Ghana water polo grows as sport looks for more diversity | State and Regional
At the very beginning when the idea of water polo became a reality in Ghana, Asante Prince pulled out some balls and hats in front of a handful of curious kids.
He decided to try a scrimmage, but he had no nets. So they put a soccer bench on each side of the pool.
It was “enthusiastic confusion,” he said. And the caps – which have protective caps that go over a player’s ears – well, they were particularly amusing.
“Someone said, ‘Oh waterproof bra, thank you waterproof bra,’ said a chuckling prince.
It was one of the first meetings of the Awutu Winton Water Polo Club, a burgeoning league in a troubled part of the world for the Olympics’ oldest team sport – and a true passion project for the energetic prince.
Raised in Coronado, California, he was often the only black face in the pool or in his classes. He went in search of a beach ball more similar to himself and found it in the waters of his father’s homeland.
“This is like my baby and it’s cute because it’s crying and growing up, but it needs your full 24/7 attention,” said the 31-year-old prince. “Whenever I talk about it, it’s great because it’s something I would have loved to have seen as a kid.”
In Ghana, dangerous currents off the country’s coast have resulted in countless drownings over the years. That has raised concerns about deep water in a country where low- and middle-income families already have limited access to swimming pools.
When Prince first started swimming in African communities, he saw scared and panicked faces because “they all have stories of someone going out and not coming back,” he said.
The Awutu Winton Club has seven teams representing three regions of Ghana. Players range in age from 7 to 25 and the league includes a group of around 20 women. It had 85 athletes and 10 coaches when it opened its new season in Ghana’s capital, Accra, last month.
Prince said most of his Ghanaian players had some swimming ability when they joined the program, but not in deep water where the sport is played.
“Kicking water and handling water polo was very difficult when I first started playing,” said Ishmael Adjei, 20. “But over time I could see myself improving personally.”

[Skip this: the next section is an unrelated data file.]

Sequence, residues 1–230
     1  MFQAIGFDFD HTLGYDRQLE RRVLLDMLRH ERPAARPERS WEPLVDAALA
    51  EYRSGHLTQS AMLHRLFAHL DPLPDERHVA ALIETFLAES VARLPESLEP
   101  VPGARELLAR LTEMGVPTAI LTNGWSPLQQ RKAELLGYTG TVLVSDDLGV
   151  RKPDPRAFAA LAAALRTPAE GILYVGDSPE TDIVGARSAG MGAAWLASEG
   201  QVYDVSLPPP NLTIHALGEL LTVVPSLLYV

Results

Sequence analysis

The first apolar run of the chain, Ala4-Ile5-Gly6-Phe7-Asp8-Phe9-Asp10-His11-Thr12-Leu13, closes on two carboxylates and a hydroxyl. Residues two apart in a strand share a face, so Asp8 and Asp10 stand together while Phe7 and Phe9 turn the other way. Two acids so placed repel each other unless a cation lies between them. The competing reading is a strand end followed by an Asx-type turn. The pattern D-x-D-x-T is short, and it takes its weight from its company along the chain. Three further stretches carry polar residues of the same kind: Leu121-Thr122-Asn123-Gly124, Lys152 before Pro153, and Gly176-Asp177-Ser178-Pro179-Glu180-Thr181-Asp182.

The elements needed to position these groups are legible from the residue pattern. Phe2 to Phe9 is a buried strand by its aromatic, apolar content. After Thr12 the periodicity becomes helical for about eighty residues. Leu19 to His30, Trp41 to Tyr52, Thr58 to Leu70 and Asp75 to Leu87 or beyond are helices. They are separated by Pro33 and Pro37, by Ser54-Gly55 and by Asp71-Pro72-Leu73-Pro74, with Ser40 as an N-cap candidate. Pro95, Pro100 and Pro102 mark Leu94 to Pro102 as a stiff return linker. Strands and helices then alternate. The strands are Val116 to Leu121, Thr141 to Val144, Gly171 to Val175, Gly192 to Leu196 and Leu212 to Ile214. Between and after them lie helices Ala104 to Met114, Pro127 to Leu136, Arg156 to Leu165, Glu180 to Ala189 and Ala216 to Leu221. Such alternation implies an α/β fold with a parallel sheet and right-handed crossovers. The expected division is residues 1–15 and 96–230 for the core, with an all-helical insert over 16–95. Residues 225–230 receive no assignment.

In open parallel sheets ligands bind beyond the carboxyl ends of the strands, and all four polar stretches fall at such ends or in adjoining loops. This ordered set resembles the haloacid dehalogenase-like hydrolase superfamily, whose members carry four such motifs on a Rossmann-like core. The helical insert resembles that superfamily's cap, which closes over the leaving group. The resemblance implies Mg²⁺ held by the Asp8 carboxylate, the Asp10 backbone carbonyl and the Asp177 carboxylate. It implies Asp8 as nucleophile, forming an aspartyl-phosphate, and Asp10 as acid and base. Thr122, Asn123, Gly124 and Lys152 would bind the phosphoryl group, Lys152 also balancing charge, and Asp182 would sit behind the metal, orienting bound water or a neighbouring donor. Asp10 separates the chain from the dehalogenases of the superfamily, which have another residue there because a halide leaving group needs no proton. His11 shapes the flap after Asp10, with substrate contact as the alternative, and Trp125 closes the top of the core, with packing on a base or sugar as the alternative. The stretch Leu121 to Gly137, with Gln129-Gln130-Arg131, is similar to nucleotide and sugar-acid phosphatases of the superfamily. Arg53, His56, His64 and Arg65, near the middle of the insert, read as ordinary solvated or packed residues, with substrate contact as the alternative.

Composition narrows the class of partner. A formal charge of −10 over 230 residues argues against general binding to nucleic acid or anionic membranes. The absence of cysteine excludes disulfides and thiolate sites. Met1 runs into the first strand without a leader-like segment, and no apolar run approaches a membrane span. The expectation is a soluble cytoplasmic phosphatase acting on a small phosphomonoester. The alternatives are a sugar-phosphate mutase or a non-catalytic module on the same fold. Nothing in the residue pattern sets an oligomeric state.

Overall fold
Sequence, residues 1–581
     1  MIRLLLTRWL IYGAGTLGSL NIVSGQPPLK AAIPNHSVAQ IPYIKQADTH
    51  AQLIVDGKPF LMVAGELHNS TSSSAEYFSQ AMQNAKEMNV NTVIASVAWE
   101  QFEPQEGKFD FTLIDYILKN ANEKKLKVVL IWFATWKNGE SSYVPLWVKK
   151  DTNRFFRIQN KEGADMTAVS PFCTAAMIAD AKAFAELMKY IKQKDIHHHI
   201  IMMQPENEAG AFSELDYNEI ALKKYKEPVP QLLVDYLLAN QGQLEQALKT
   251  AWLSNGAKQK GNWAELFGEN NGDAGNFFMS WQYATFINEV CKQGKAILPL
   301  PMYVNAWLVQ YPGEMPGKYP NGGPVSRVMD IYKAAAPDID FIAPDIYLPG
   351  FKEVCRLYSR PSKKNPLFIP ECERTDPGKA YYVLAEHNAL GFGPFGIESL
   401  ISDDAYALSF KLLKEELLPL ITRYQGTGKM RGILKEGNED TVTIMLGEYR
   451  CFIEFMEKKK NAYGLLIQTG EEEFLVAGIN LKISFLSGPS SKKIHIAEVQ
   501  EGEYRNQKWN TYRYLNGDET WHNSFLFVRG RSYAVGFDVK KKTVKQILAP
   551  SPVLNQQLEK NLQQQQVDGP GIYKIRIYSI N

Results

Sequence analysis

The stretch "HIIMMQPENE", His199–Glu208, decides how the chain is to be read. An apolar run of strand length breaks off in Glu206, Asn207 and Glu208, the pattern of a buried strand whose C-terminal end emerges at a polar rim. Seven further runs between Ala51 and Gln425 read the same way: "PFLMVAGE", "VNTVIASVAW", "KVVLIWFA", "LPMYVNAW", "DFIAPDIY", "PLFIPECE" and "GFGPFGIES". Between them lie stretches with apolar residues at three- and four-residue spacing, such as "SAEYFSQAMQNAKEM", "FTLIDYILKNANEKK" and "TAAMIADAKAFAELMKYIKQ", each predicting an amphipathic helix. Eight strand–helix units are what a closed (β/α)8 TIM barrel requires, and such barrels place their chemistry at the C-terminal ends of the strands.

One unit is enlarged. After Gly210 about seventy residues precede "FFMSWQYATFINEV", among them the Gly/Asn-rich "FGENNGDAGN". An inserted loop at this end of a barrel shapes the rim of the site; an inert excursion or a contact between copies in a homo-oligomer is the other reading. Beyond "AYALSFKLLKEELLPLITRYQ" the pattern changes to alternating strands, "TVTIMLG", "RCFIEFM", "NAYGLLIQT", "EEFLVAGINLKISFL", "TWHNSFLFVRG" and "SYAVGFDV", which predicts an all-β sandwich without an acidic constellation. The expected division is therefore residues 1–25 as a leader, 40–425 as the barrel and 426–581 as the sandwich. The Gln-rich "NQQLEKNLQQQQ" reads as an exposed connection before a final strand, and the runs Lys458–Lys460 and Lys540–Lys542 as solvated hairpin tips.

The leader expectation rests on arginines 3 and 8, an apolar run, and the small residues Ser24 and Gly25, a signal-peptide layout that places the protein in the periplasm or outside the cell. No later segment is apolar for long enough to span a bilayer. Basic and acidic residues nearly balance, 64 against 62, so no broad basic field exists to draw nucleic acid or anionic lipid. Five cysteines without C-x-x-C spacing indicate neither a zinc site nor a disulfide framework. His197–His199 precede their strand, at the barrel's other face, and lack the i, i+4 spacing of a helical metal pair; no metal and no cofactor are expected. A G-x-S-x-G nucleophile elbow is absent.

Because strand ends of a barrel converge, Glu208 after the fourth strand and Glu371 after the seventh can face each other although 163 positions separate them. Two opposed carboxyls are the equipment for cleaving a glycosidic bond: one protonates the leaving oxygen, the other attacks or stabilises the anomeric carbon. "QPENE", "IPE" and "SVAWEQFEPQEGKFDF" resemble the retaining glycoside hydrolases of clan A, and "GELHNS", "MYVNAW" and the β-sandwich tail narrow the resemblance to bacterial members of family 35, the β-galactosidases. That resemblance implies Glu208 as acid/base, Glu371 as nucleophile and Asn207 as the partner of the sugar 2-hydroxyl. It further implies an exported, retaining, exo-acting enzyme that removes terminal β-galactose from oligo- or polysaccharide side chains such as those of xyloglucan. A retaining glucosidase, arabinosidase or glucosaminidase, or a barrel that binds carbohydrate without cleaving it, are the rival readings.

Adjeis Club is part of San Diego-based Black Star Polo, an organization founded by Prince that also works to create aquatic opportunities for African and African American communities in the United States.
“When I started playing,[my family]thought it was just a waste of time,” Adjei said, “because you had to help them with the family chores and take time off to train … but as time goes by, they always will.” more interested.”
Any significant growth in Africa would be a welcome development for a sport that has struggled for decades with a lack of diversity, much like water sports in general. Even in the places where water polo is most popular — like California and parts of southern Europe — there are very few black players.
Egypt and South Africa are the only African countries to have played men’s water polo at the Olympics. South Africa became the continent’s first women’s team to make it to the Games when they finished 10th in Tokyo 2021. World Aquatics said it does not have player participation numbers broken down by ethnicity.
“I think breaking out of the normalcy of traditional water polo nations over the last century is critical to the growth of our sport,” said former US player Genai Kerr, who sits on the board of the Alliance for Diversity in Water Polo.
Prince, the second of three brothers, got into swimming and water polo after his family befriended the family of five-time US Olympian Jesse Smith.